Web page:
She was born in Hereford, England and began her career in the 1940s as a stage performer. She later transitioned to television and film, appearing in popular films such as "The Killing of Sister George" and "Room at the Top." Reid was known for her quick wit and sharp tongue, which made her a favorite on British talk shows. She was also an accomplished stage actress, earning an Olivier Award for her performance in "The Killing of Sister George" and a Tony Award nomination for her work in the Broadway production of "Amen Corner." In 1987, Reid was awarded the OBE for her contribution to British entertainment.

Reid was often cast in character roles due to her distinct appearance and talent for bringing humor even to serious situations. She had a successful career in radio as well, starring in BBC Radio 4's "Ladies of Letters" and winning a Sony Award for her performance in "The Day We Sang." Despite her success, Reid was known to have struggled with anxiety and depression throughout her life. She spoke candidly about her experiences with mental health and became an advocate for greater understanding and support for those struggling with similar issues. Reid never married and was openly gay at a time when it was not widely accepted in society. Her honesty and willingness to challenge conventions helped pave the way for future generations of LGBTQ+ performers. Reid passed away at the age of 77, leaving behind a legacy as one of Britain's most beloved and talented performers.

Reid was raised in Manchester by her mother and grandmother after her father passed away when she was just two years old. She attended school at the Royal Academy of Dramatic Art in London and landed her first major stage role in the 1940s production of "Sweet Lavender."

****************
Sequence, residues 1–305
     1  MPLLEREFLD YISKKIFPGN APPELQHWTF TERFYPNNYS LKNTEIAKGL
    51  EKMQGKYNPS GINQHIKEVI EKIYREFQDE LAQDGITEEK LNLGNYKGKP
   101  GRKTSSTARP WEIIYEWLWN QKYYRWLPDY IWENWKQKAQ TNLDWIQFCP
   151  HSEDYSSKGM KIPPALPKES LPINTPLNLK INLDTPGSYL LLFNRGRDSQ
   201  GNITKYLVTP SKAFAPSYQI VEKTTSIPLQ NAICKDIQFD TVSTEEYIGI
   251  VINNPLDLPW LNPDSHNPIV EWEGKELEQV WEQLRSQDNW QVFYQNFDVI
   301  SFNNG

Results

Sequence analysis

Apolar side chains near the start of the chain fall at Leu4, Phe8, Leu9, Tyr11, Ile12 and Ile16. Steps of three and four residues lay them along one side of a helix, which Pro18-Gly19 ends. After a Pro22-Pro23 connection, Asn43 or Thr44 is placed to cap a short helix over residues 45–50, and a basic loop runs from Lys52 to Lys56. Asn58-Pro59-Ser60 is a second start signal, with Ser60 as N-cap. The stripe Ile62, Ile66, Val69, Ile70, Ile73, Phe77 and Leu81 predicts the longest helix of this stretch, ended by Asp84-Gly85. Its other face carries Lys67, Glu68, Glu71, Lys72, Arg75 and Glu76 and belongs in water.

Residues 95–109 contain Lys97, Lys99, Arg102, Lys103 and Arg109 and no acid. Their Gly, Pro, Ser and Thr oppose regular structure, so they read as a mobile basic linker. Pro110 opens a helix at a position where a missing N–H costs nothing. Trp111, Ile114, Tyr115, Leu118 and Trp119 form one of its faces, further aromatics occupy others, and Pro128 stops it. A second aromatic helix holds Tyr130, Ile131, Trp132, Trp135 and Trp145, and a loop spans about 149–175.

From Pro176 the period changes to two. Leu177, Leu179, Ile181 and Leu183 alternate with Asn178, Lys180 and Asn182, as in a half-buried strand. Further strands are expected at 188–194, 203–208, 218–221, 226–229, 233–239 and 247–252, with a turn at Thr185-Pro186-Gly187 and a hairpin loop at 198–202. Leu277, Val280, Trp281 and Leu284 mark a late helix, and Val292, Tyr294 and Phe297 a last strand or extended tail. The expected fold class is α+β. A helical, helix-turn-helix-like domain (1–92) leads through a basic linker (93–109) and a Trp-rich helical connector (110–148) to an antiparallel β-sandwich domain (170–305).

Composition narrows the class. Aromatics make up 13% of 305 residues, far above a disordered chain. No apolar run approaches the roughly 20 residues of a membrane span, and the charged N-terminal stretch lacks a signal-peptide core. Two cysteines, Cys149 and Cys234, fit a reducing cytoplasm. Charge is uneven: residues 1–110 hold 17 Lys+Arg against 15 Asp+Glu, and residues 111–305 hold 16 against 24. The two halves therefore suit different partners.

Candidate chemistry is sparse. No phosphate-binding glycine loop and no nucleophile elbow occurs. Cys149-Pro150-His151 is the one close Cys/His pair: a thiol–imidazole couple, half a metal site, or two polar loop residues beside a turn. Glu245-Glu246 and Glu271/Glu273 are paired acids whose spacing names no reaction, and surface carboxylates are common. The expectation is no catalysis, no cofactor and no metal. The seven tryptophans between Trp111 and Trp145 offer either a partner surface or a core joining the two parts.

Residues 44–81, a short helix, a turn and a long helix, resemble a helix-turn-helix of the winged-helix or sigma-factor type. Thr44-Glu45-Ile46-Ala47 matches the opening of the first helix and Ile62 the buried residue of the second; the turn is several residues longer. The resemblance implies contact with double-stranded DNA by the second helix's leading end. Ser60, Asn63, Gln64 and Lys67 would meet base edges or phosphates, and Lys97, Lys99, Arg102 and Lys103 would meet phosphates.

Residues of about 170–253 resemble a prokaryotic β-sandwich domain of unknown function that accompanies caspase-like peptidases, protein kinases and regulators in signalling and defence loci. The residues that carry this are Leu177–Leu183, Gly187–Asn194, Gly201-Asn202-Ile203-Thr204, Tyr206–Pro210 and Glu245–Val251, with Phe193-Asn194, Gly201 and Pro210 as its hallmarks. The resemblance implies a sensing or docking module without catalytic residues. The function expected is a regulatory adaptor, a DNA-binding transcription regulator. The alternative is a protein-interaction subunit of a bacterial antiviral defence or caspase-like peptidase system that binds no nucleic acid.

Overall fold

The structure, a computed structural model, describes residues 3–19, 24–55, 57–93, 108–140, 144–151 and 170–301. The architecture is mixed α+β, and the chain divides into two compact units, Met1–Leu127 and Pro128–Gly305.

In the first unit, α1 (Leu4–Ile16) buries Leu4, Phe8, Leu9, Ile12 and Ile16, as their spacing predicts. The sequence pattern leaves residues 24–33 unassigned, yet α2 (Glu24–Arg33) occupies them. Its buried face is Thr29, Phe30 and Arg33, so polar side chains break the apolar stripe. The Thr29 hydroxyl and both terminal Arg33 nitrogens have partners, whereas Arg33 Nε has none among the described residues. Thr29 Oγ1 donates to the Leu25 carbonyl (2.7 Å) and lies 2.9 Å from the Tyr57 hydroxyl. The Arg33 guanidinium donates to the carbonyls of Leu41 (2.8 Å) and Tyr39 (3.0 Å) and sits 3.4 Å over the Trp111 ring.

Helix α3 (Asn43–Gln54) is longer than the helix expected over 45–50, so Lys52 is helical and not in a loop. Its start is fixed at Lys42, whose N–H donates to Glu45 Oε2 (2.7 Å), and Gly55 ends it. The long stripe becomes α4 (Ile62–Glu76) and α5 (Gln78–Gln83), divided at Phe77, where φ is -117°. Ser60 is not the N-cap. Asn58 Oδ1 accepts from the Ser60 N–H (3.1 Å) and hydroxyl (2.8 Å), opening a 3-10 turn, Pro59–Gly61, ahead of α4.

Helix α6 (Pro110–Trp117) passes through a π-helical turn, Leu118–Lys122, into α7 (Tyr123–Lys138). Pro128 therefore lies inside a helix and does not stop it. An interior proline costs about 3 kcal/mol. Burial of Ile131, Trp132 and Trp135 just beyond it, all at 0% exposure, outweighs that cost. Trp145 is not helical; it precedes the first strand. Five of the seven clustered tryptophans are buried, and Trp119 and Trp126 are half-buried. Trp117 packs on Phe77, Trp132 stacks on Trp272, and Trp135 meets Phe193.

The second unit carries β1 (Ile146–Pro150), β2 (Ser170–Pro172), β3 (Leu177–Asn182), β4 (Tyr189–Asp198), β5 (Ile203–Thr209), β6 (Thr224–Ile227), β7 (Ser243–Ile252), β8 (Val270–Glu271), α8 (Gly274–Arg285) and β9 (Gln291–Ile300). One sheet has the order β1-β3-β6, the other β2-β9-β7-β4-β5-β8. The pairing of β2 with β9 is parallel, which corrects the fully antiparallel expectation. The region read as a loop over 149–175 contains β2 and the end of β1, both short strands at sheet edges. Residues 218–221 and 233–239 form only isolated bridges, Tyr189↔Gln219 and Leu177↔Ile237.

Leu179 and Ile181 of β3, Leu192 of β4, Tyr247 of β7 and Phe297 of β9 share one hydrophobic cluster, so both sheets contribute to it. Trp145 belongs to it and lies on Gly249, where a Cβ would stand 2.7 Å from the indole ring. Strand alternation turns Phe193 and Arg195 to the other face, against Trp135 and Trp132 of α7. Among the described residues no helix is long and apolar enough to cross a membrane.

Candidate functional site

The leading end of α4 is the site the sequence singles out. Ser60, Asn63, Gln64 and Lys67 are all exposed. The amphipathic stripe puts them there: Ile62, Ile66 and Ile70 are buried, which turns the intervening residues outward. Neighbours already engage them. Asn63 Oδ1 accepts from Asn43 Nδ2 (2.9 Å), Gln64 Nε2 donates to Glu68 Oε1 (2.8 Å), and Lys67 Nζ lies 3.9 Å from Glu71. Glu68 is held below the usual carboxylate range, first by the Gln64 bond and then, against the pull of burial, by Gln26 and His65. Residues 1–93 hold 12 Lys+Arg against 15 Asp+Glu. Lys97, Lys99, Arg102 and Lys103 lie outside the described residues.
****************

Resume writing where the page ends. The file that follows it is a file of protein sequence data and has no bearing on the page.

In addition to her work in TV, film, and theater, Reid was also an accomplished singer and released several albums throughout her career. She was known for her unique style of singing and often incorporated humor into her musical performances.

Reid continued to work in the entertainment industry up until her death, appearing in TV shows such as "Absolutely Fabulous" and "Pamela Rancher" in the 1990s. Her contributions to British entertainment were honored posthumously when she was inducted into the British Comedy Awards Hall of Fame in 2002.

Despite her numerous accomplishments, Reid was known for her down-to-earth personality and her tendency to put others at ease. She was deeply respected and loved by her colleagues and fans, who remembered her as a trailblazer and a true talent.

Read more about Beryl Reid on Wikipedia »

Beatrix Potter

Beatrix Potter (July 28, 1866 Kensington-December 22, 1943 Near and Far Sawrey) also known as Béatrix Potter, Helen Beatrix Potter or Beatrix. Potter was a British author, illustrator, writer and botanist.

Her albums: The Tales of Beatrix Potter: The Complete Vivien Leigh Recordings (Remastered).

Read more about Beatrix Potter on Wikipedia »

Robin Gibb

Robin Gibb (December 22, 1949 Douglas-May 20, 2012 London) also known as ROBIN GIBB, Robin Hugh Gibb, Robin or Robin Hugh Gibb, CBE was a British singer, songwriter, composer, actor, musician, record producer and film score composer. He had four children, Spencer Gibb, Melissa Gibb, Robin-John Gibb and Snow Evelyn Robin Juliet Gibb.